You have a choice. Now you do. As a baby you didn’t. Back then, the task was to stand, counteract gravity in whichever way possible until your feet carried you.
Fast forward to today. How much have you consciously upgraded your standing skills?
When you let your mind drift to the last time you saw baby feet, or the feet of a very young child that couldn't stand yet, what shape feet were they?
I get it, they are cute, and soft, and puffy and - flat. Babies don’t have arches in their feet. By what process do we then, hopefully, gain the arches of our feet as we grow up?
The answer lies simply in the use and coordination of our muscles.
Remember we have twenty six bones held together by connective tissues in our feet?
In order to move and animate and support our body weight on our feet, we need to add muscles into the picture. Ligaments and fascia are all good and useful, but they don’t initiate movement. Plus, when put under load they stretch over time.
This makes your muscles, especially the ones in your feet, anti-gravity warriors.
When we begin to stand, and I wonder how many of you can remember that time of trying to become bipedal, we shift balance from an all wheel drive to toe balance. This is a huge challenge to the leg and foot muscles, as well as overall balance and coordination of the little me or you.
Here is where we differ from the cartoons we try to amuse kids with. Well, there might be many differences, the important one for us are the feet. Our feet are not rigid single lines or pieces. They can move in all three planes.
The directions and actions we are concerned with now are pointing and flexing the foot at the ankle, drawing the top of the foot to the shinbone and pointing it away from the shinbone. The other directions are scooping the foot inwards and lifting it outwards below the ankle, technically termed inversion and eversion respectively.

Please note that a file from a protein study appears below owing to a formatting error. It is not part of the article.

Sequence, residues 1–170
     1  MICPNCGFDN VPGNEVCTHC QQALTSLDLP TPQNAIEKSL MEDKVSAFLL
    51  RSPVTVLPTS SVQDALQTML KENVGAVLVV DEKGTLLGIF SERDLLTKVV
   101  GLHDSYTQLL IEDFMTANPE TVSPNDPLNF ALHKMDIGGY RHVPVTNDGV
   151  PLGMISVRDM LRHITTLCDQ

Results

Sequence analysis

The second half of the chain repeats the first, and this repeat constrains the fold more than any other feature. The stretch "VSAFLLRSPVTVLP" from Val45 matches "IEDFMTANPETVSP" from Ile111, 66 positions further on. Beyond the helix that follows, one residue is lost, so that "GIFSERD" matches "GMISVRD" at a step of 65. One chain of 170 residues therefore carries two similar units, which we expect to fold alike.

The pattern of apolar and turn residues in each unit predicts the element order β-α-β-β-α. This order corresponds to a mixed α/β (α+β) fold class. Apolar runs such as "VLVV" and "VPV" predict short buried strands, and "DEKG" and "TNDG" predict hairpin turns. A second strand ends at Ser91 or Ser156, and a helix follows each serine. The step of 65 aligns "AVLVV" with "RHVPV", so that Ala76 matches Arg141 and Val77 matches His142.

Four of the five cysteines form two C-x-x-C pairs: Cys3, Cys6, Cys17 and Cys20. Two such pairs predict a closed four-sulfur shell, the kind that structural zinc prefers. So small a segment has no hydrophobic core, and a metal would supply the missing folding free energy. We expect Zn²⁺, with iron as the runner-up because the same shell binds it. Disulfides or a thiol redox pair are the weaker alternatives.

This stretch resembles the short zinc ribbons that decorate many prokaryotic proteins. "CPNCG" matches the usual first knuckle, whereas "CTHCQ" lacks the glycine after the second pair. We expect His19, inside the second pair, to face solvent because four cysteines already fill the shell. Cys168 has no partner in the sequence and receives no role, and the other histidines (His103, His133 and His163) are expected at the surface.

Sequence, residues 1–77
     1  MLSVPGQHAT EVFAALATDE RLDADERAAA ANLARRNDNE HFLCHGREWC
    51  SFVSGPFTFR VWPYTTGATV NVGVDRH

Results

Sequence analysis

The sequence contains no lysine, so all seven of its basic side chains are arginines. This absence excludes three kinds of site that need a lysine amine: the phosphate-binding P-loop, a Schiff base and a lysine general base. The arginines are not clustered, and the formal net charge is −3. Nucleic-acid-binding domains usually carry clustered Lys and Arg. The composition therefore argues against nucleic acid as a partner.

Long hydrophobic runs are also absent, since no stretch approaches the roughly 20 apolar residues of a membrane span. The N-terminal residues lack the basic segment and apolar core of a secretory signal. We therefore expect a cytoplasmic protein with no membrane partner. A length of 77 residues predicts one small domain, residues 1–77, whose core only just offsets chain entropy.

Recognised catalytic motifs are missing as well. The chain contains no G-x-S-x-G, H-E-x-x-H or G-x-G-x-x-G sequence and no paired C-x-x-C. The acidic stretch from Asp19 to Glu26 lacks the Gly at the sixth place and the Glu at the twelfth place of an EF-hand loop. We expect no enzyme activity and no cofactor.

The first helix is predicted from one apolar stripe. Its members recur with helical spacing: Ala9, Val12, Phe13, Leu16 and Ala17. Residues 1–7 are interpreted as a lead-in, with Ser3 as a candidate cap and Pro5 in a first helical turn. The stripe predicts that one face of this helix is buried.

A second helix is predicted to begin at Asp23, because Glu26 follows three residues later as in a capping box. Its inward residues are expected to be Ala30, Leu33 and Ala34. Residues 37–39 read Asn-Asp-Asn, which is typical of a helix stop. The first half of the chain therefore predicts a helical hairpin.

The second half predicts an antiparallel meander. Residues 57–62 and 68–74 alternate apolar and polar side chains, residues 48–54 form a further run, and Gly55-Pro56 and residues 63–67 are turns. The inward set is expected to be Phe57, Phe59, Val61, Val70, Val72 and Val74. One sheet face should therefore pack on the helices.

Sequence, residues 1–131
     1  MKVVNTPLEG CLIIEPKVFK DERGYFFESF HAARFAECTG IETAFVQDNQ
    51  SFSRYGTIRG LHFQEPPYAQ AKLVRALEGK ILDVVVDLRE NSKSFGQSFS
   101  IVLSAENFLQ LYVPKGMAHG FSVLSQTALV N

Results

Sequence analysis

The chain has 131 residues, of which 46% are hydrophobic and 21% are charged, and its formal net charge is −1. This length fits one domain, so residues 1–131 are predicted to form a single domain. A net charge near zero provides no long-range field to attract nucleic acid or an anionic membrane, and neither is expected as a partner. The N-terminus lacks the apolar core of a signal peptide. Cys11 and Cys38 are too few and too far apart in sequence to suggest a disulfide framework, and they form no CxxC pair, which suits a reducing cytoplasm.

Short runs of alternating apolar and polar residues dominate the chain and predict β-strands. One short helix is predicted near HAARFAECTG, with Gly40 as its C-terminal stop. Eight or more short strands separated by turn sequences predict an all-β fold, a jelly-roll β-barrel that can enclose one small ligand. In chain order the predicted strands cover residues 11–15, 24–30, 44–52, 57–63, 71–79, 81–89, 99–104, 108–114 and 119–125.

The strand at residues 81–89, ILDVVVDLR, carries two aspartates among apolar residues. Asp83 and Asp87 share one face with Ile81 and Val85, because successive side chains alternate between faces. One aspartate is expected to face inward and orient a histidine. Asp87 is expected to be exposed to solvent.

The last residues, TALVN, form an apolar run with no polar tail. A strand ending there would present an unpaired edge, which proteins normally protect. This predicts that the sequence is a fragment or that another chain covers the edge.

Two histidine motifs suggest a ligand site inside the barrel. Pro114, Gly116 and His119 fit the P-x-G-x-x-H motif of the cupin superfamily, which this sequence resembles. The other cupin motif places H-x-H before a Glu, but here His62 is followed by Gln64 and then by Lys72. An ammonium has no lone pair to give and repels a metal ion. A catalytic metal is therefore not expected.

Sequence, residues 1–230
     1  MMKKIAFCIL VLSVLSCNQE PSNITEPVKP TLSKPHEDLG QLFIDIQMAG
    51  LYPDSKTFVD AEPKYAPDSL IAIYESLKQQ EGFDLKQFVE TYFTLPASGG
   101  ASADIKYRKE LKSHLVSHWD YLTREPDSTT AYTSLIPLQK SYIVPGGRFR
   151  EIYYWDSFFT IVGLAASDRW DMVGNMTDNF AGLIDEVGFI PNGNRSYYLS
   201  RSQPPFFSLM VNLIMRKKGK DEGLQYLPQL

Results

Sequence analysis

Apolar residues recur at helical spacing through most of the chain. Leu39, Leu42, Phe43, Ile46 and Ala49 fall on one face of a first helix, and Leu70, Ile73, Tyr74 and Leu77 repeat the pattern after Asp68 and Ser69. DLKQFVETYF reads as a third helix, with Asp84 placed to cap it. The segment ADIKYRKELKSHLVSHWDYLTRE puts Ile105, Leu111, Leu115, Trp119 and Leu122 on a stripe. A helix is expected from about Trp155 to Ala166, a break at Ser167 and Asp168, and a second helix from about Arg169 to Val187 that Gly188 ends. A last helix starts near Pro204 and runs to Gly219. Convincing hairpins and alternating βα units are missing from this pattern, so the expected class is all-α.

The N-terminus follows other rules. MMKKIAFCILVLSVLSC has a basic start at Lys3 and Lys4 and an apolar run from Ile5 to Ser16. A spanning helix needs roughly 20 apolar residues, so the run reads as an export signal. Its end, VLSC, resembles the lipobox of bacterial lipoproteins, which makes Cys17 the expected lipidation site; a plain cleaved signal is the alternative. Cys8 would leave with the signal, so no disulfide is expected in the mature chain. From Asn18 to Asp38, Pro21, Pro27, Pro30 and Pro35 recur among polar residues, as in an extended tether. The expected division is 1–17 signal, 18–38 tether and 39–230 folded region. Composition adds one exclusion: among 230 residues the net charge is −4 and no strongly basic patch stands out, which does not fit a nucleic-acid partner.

When learning to stand, and later to walk, a big concern is to not fall forward on our face, or backwards, on our usually nappy bolstered bum.
Much of the subconscious attention thus focusses on the movements we described before as balancing the pointing and flexing. The scooping in and scooping out actions might not develop much or not at all in some people.
Now, take a look at what shape your foot takes on when the foot everts (lifts outwards or also called pronation by many people). Imagine taking that foot shape, placing it on the ground and heap weight on it. Try it out - outside of the foot lifts, and then you stand on it. No matter what foot and arch shape you have this lowers the arch, or simply puts more weight on the area where you suspect the arch to be.
Your learned action of foot muscle engagement, either earlier in your life or now, sets up and supports your arches of the feet.
Without specifically balanced muscle action, gravity wins the game and the arches slowly disappear.
It’s really encouraging to know that now we have a choice. We know we can train and strengthen muscles, we know we have an influence on the existence of our arches.
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